The most notorious Soviet disinformation campaign—codenamed Operation Denver—was the attempt to portray the AIDS epidemic in the 1980s as the work of the Pentagon. Initially appearing in the Soviet weekly publication Literaturnaya Gazeta on 30 October 1985, the story claimed that scientists from the American Centers for Disease Control and the Army’s Fort Detrick in Maryland had created the HIV virus from two known viruses found in Africa and Latin America in an attempt to make a biological weapon. This article sourced a supposed previous letter to the editor in the Indian newspaper Patriot, published in July 1983. (The editor of the Patriot subsequently claimed that no such letter to the editor ever appeared in the paper.) Over the next several years, Soviet media printed numerous stories reiterating and then embellishing their claims (US military personnel, for instance, were supposedly widely infected, and hence vectors for the spread of HIV overseas), many of which were picked up in outlets especially in the Third World. A commonly quoted “expert” was an East German scientist by the name of Jacob Segal, who claimed the virus was man made and originated in a lab in 1977. It turned out, however, there were limits to coordinating messages even in an authoritarian regime such as the Soviet Union: the leading Russian medical expert on AIDS openly and publicly condemned Segal’s claims.5

Operation Denver was clearly focused on changing the perception of the United States (and the West more broadly) within the developing world— where the hottest battlefields of the Cold War took place, and where the information environment was most vulnerable to manipulation. Another purpose may have been to distract from the Soviet Union’s own actual biological weapons program, conducted in violation of a 1972 treaty against such weapons. Other attempts at disinformation—such as the fabrication of the “bomber gap” (as well as the subsequent “missile gap”) in the 1950s— began out of a need to hide or obfuscate military and strategic weaknesses.

The analog disinformation campaigns of the Soviet regime were shackled to analog vulnerabilities. Traditional media—newspapers, books, radio, and television—were (and for the most part still are) driven by editorial hierarchies that tied information to clear authorship and provenance, making the spread of deliberately false information challenging when the outlet was not controlled by the state. Effective Soviet propaganda and disinformation was possible when there were active allies on the ground in the West (or Third World), be it sympathetic authors and publishers or actual Soviet agents. These issues are now fairly irrelevant in the internet age, as information has largely been uncoupled from the requirement to provide evidence of authorship and sources. Who is saying something, and why, and from where, are questions rarely asked of memes, viral videos, or Twitter posts. It is no accident that the current success of internet “fake news” is a result not only of the rise of technology that makes information instantly and globally available, but also the long-term erosion of faith in the processes of traditional media.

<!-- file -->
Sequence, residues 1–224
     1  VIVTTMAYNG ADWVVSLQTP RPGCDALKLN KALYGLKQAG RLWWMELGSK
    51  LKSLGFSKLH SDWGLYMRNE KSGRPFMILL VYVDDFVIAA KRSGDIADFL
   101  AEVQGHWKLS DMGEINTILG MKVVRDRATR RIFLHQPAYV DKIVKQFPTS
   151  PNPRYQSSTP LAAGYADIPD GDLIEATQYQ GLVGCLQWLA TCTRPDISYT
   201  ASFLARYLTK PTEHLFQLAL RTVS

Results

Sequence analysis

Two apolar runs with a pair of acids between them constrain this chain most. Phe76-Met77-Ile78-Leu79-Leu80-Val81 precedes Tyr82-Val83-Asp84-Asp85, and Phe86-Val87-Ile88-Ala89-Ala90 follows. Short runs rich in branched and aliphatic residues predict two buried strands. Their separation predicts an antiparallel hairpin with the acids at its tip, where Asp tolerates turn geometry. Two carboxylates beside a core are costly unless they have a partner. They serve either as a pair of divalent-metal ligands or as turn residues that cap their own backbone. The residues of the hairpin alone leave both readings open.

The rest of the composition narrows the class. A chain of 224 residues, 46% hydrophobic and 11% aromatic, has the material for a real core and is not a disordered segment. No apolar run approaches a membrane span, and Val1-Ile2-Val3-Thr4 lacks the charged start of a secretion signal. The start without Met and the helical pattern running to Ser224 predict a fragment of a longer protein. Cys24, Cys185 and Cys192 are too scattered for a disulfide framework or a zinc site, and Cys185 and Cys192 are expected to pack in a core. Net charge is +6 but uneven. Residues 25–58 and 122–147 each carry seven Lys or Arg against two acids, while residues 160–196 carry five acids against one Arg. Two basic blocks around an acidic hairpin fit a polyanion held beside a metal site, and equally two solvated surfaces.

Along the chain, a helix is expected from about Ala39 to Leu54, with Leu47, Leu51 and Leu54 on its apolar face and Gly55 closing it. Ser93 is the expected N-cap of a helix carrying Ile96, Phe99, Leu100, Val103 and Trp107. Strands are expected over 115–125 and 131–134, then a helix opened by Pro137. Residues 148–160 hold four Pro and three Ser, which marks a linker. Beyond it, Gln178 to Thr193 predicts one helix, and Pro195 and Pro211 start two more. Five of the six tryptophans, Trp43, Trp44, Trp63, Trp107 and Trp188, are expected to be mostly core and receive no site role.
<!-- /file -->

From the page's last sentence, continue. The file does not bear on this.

In this issue of Future Force, a host of authors looks at the ways in which the dissemination and manipulation of deliberately false information remains a particularly pernicious problem in the Internet Age.

References

1 Both of Potemkin’s modern biographers, Simon Sebag-Montefiore and Aleksandr Panchenko, find the story problematic.

2 Ion Mahai Pacepa and Ronald J. Rychlak, Disinformation: Former Spy Chief Reveals Secret Strategies for Undermining Freedom, Attacking Religion, and Promoting Terrorism (Chicago: WND Books, 2013).

3 Richard H. Shultz and Roy Godson, Dezinformatsia: Active Measures in Soviet Strategy (Washington, DC: Pergamon-Brassey’s, 1984), 1-49.

4 Shultz and Godson, 40.

5 US Department of State, “Soviet Influence Activities: A Report on Active Measures and Propaganda, 1986-87,” August 1987.

6 Pacepa’s work (cited above) as well as that of Anatoliy Golitsyn (New Lies for Old: The Communist Strategy of Deception and Disinformation [New York: Dodd, Mead & Company, 1984]) have been subjected to notable scrutiny in this regard. Their claims include that Lee Harvey Oswald was a KGB operative (Pacepa) and that Gorbachev’s policy of perestroika was a KGB plot (Golitsyn).

About the author:

Colin Babb is a contractor serving as command historian of the Office of Naval Research and the managing editor of Future Force.